Can you knit?
The official pattern — the Pussy Power Hat by Kat Coyle — is easy (it’s essentially a rectangle folded in half) and available to download for free. Experienced knitters can probably knock one out in an hour or two. There are also alternative patterns on the Pussyhat Project website; the hats that call for chunkier yarn will take even less time to make.
Because it’s been years since I picked up a pair of knitting needles, I asked my mom if she’d make me a kitty hat for the march. We stopped at her local knitting store when I was in NJ last weekend so I could choose the yarn, and to my amazement, there were only three skeins of pink yarn left in the appropriate weight.
A saleswoman informed me that many of their customers have been busy knitting pussycat hats. Half plan to wear them at a march and the other half have sent them down to DC for other marchers to enjoy. While we were there, an 80-year-old woman was sitting at the store’s communal table knitting one to donate.
Before I settled on a skein of yarn, I called the knitting store in a nearby town to check on their inventory. I had my heart set on a Loopy Mango pattern that called for very chunky yarn. Would you believe that they were also nearly wiped clean of pink yarn, too? The only option they had left was a glittery one.
Last week, there was a column in the Washington Post criticizing the idea of The Pussyhat Project:
Pink pussycat hats, sparkly signs, color-coordinated street theater — all of it is gleefully in the works for the upcoming Women’s March on Washington on Jan. 21. And that scares me a little. Because all of this well-intentioned, she-power frippery can make this thing more Lilith Fair than Lilly Ledbetter. And the Women’s March of 2017 will be remembered as an unruly river of Pepto-Bismol roiling through the streets of the capital rather than a long overdue civil rights march. This is serious stuff . . . . The Women’s March needs grit, not gimmicks.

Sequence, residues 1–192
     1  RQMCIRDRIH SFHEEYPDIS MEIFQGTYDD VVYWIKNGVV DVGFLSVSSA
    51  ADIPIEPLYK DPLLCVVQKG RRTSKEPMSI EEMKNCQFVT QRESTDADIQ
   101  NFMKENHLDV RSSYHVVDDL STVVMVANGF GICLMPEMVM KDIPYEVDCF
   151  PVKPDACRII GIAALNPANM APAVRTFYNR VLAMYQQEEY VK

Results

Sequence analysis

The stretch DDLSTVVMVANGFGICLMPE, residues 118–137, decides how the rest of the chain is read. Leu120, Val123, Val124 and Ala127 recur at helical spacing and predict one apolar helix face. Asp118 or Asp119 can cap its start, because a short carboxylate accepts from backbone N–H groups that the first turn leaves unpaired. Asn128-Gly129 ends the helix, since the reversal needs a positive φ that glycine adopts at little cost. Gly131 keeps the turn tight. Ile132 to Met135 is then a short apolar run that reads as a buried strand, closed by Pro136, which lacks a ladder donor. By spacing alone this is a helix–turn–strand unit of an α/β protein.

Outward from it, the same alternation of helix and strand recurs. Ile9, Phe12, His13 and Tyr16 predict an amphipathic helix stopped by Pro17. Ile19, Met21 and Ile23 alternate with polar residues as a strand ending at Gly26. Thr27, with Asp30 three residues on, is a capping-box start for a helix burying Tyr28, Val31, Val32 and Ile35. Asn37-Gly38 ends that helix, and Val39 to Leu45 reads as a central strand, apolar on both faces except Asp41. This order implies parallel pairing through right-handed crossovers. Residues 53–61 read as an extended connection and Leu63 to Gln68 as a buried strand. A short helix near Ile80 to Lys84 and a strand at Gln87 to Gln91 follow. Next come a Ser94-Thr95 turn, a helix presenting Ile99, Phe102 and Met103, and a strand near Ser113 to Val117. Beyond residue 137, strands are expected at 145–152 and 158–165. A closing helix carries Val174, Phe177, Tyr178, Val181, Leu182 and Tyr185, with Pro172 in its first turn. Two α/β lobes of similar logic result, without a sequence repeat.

Reading the piece, I began to feel silly for wanting a pink pussyhat.
However, after witnessing firsthand just how many women are eagerly participating in The Pussyhat Project (and later learning from a friend that the Michael’s near her home in Oregon had also sold out of pink yarn!), I felt a sudden sense of pride. No, wearing a pink hat with kitty years isn’t going to directly influence any policies on equal pay or reproductive rights. And yes, we will look like a river of Pepto-Bismol as we parade down DC, but that’s exactly the point. It’s about the visual statement, according to the website:
The more we are seen, the more we are heard.
Moreover, the pink pussyhats provide an opportunity for the people who aren’t able participate in any of the marches to be represented and to show solidarity in the movement for women’s rights.
So, go ahead. Knit, crochet, or sew a pink hat — if you can still find the yarn.
Here are a few interesting tidbits from The Pussyhat Project mission statement:
Why knitting and crochet? Knitting and crochet circles have traditionally brought women together, offering a safe space for them to talk and to support one another.
Why cat ears? As a big “Fuck You” to our new president, who was, as you’ll remember, caught on tape bragging about grabbing women by the pussies. The idea is to reclaim what is a considered a derogatory word and rebrand it as one that empowers women.
Why pink? Pink, a feminine color, stands for “caring, compassion, and love.” And isn’t that what our country needs the most right now?
I want to see your pussyhat! Share a link to a photo of your hat in the comments below. And if you’ll be in Washington, DC this weekend to march, let me know! Perhaps we’ll run into each other 😉
images via The Pussyhat Project